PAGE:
For most young women in the free world, know they have the absolute right to choose their own partner, the only danger being that the marriage could end up in divorce. Yet for millions of women who live in Asia, Africa, or the Middle East, the right to choose their own partner is not only a highly dangerous alternative, but it could threaten their lives. For these women the word ‘No’ is not an option. There are also instances where men are coerced into a forced marriage. This global horror of forced marriages, imposed by families, for the most part is grossly unreported.
It was revealed in a recent survey in England that around 3000 women are victims of forced marriages, in Britain alone. Once married these women have little or no rights.
Three girls were taken into the desert by Umrani tribesmen. They were punished and buried alive, as a deterrent for anyone else attempting to get married through their own choice.
The girls were grabbed at gun point, in the remote village of Bab Kot, by six men. They were then forced into a Land Cruiser jeep, that had the number plate of the Balochistan government. Taken to a field, they were beaten, shot and flung into a ditch. When the mother and aunty of the girls objected and tried to call a halt to the treatment, the two older women were also thrown into the ditch. Badly injured, the five women were buried alive and covered with mud and rocks, in what the relatives claimed to be ‘honour killings’.
The victim’s graves have not yet been found and very few of these murderers are apprehended or convicted.
It is believed hundreds of women are killed by male relatives every year, throughout Pakistan, for taking the bold step of trying to resolve their own future. In 2005 it is reported that 174 women were victims, 270 in 2006 and 280 in 2007. The figure stood at 107 in just the first five months of 2008.
Bangladesh Doctor Held Captive
A British trained doctor, Humayra Abedin, aged 32, who has been a resident in Britain for the past six years, was held captive by her family, in an effort to force her to go through with a marriage to a complete stranger. Humaya returned to Bangladesh when her family said her mother was gravely ill. Manhandled on her arrival and her travel documents and credit cards taken from her, Humayra was locked in a room and constantly looked over by four or five guards. Injected with what she believed were mood stabilizers and anti-psychotic drugs, Humayra was forced against her will, to go through the procedure of a marriage ceremony.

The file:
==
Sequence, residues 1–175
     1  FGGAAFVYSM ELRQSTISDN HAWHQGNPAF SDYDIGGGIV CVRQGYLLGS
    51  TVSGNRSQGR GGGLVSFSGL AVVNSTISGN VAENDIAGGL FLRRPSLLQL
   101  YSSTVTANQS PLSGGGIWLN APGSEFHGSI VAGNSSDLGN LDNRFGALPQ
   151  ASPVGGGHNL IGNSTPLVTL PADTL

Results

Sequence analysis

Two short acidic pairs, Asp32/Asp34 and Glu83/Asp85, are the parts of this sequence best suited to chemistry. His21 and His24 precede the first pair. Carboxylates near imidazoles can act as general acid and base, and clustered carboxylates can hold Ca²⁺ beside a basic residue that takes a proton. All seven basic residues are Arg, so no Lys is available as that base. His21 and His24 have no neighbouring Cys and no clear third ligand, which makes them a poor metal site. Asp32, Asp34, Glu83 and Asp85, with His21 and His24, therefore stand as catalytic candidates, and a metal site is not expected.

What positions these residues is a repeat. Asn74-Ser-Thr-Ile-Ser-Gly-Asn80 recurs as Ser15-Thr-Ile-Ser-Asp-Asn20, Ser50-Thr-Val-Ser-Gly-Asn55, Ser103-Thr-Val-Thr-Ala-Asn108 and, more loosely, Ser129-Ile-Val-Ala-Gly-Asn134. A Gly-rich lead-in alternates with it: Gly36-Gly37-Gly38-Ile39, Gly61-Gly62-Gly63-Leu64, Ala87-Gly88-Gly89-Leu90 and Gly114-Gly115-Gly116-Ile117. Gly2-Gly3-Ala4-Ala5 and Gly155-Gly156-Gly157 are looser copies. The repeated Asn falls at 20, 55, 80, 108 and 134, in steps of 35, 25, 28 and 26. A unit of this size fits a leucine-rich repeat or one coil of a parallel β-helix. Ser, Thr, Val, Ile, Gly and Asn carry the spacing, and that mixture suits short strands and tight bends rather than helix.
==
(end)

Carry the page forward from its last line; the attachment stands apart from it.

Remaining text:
Humayra came under the ruling of the recent Forced Marriage Act, as she was a resident of Britain. A sympathetic Bangladesh court ruled that Humayra was being held against her will and she should be set free. After four months in captivity, Humayra returned safely to Britain.
The British High Commission in Dhaka reports that it aided 56 forced marriage cases between the months of April 2007 and March 2008.
A Saudi Arabian girl, aged eight years, was married off by her father, to a 58 year-old man. The young girl could not apply to divorce her husband until she reached puberty, a judge ruled. The girl still resides with her mother and the estranged father set a verbal condition that the marriage would not be consummated until the child reached 18 years of age. However, there is absolutely no guarantee this will be honoured.
The number of how many pre-adolescents have been forced into arranged marriages is uncertain, but the number is thought to be considerable.
A 23 year old woman was shot three times in the head, by her brother, when she dared to divorce the man her parents had forced her to marry.
Girls as young as eight years of age are married off by their family, in India.
Education is having only limited success in breaking down these customs and traditions, as the victims are totally emotionally, socially and economically dependent on the family. It also needs legislation and most countries do not have a ruling on forced marriages.